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I want to slice elements of one array into a new left and right array. I am stuck on how to start this.

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4  
Three W3 Schools answers within a minute. What is wrong with this world? :) – Šime Vidas Apr 2 '11 at 21:52
    
let's not bring name of this site here :) – fazo Apr 2 '11 at 21:54
4  
But let's bring this name here: W3 Fools – Šime Vidas Apr 2 '11 at 22:37
up vote 0 down vote accepted

Given this array:

var arr = [1, 2, 3, 4, 5, 6, 7, 8, 9, 10];

If you want to split the array so that the first 4 items go to the left array and the rest to the right array, then do this:

var leftArr = arr.slice(0, 4);

and

var rightArr = arr.slice(4);

You can make a function that returns those two arrays based on the split-position:

function splitArr(arr, i) {
    return [ arr.slice(0, i), arr.slice(i) ];
}
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You'll want to start with the "slice" method. Note that it returns a NEW array without changing the old array, so you'll want to go back and mutate the old array as well.

For instance:

var a = [1,2,3,4,5],
    b = a.slice(3);

a.length = 3;
// a is now [1,2,3]
// b is now [4,5]
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you note that the original array won't change, but then in your example you show it changed??? – jondavidjohn Apr 2 '11 at 21:55
    
Yep. It's three lines, try it yourself. =) – Chris Nielsen Apr 2 '11 at 21:55
1  
Line three (a.length = 3) changes the original array. – Chris Nielsen Apr 2 '11 at 21:55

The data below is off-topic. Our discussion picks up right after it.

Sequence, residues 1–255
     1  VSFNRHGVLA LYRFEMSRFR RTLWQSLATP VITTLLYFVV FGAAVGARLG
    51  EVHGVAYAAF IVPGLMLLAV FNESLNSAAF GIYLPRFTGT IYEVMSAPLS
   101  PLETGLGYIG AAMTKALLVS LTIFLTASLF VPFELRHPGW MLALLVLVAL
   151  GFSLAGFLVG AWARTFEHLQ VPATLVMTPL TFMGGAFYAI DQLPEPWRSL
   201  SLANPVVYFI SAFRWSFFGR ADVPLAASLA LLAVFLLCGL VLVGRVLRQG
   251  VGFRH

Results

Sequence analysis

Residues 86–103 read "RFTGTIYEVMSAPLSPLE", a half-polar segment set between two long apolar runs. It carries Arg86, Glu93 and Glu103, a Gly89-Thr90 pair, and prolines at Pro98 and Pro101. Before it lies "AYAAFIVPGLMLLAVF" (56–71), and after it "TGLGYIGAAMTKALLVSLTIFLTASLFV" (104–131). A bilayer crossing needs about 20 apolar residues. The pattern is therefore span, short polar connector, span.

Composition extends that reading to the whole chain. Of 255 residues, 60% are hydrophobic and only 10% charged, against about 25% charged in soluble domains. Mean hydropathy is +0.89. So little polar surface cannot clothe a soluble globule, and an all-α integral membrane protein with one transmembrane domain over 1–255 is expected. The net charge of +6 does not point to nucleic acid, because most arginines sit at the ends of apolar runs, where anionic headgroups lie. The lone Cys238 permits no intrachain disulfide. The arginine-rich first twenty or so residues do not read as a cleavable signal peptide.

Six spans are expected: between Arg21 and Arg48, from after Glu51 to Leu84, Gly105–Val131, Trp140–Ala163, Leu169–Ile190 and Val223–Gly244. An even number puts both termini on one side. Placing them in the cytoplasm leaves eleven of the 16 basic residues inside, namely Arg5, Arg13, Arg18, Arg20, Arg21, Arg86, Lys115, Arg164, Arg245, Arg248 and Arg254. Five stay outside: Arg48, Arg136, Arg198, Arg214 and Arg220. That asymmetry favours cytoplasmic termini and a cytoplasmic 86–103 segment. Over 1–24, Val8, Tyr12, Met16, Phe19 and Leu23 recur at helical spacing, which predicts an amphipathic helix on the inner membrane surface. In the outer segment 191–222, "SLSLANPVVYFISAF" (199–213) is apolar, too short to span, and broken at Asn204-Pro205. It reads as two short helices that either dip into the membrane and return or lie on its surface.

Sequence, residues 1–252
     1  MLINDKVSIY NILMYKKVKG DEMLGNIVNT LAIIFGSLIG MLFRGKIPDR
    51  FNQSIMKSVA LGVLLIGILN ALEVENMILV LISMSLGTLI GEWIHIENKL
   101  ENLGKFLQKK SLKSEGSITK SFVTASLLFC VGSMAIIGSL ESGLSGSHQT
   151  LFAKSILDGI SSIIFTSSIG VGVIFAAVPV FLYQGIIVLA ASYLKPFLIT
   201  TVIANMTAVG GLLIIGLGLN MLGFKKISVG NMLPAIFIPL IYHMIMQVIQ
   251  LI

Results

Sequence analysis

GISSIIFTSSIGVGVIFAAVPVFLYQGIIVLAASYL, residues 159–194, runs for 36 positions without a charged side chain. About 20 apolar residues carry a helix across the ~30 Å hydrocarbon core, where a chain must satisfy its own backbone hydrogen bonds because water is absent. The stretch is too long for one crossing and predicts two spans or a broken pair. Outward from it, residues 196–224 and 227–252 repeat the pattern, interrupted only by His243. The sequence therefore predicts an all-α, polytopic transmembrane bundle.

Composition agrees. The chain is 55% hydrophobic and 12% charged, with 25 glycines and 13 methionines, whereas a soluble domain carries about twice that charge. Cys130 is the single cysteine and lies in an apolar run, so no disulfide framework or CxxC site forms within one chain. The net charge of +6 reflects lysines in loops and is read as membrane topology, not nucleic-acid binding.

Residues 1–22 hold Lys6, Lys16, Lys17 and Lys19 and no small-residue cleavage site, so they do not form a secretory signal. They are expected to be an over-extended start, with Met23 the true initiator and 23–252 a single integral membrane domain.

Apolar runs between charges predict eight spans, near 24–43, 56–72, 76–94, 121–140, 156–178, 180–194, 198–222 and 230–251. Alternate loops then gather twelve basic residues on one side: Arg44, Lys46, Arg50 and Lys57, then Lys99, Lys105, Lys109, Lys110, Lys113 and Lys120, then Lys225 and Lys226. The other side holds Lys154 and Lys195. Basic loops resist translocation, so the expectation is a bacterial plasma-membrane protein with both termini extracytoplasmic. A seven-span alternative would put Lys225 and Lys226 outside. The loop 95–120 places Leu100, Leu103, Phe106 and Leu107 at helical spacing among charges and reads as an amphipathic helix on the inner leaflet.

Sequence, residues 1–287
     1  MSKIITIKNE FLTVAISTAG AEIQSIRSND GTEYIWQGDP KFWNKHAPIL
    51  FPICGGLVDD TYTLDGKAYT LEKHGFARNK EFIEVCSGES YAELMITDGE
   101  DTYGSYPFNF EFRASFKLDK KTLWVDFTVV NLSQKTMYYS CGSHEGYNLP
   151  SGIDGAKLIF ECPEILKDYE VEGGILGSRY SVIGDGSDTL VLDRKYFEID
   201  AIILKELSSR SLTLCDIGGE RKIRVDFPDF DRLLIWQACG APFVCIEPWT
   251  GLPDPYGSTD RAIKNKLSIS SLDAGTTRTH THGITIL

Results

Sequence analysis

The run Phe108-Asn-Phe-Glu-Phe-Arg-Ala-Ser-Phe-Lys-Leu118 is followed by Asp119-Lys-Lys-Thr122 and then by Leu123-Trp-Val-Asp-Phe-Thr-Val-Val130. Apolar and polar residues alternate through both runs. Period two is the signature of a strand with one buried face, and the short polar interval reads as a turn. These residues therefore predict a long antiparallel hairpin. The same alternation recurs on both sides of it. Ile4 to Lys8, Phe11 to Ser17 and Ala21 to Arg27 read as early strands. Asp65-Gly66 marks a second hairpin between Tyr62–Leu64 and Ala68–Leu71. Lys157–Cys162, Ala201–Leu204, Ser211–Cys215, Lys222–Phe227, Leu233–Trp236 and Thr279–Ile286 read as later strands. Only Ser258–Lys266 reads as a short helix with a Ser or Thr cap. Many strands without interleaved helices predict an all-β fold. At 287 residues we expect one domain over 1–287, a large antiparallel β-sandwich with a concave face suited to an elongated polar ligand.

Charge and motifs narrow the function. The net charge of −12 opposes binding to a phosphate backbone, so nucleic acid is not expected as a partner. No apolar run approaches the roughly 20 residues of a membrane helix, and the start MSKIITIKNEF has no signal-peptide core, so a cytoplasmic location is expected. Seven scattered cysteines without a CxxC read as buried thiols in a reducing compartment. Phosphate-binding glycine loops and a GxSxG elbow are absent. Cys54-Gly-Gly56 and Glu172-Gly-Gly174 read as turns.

ahh, you're manually setting the length, missed that, thought you were saying that a.length was 3. – jondavidjohn Apr 2 '11 at 21:56

umm..... have you looked at .slice() ?

new_array = your_array.slice( start_index , end_index );

This creates a completely new array, not a reference.

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I'd use splice.

var a=[1,2,3,4,5,6];

var b=a.splice(3,a.length);


now a= [1,2,3]
and b=[4,5,6]
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Just var b = a.splice(3); is fine too. The second argument is not needed. – Šime Vidas Apr 2 '11 at 22:46
    
@Šime Vidas- that's what I thought, until I tried it in IE. IE (before version 9) does nothing to the array and returns an empty array, without the second argument. – kennebec Apr 2 '11 at 23:06
    
You're right. This is odd. Microsoft's own reference states that the second argument is optional. Btw, I also checked the old ECMAScript spec (ES3 from 1999.) - same thing. This feature is old, I have no idea why Microsoft didn't implement it until IE9. – Šime Vidas Apr 2 '11 at 23:16

From http://www.w3schools.com/jsref/jsref_slice_array.asp :

Syntax :

array.slice(start, end)

Example :

<script type="text/javascript">
  var fruits = ["Banana", "Orange", "Apple", "Mango"];
  document.write(fruits.slice(0,1) + "<br />");
  document.write(fruits.slice(1) + "<br />");
  document.write(fruits.slice(-2) + "<br />");
  document.write(fruits);
</script>

Output :

Banana
Orange,Apple,Mango
Apple,Mango
Banana,Orange,Apple,Mango
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there is a slice function in javascript. check it out here

http://www.w3schools.com/jsref/jsref_slice_array.asp

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<html>
<body>

<script type="text/javascript">

var fruits = ["Banana", "Orange", "Apple", "Mango"];
document.write(fruits.slice(0,1) + "<br />"); //Banana
document.write(fruits.slice(1) + "<br />"); //Orange,Apple,Mango
document.write(fruits.slice(-2) + "<br />"); //Apple,Mango
document.write(fruits); //Banana,Orange,Apple,Mango

</script>

</body>
</html>

(Reference from w3schools): http://www.w3schools.com/jsref/tryit.asp?filename=tryjsref_slice_array

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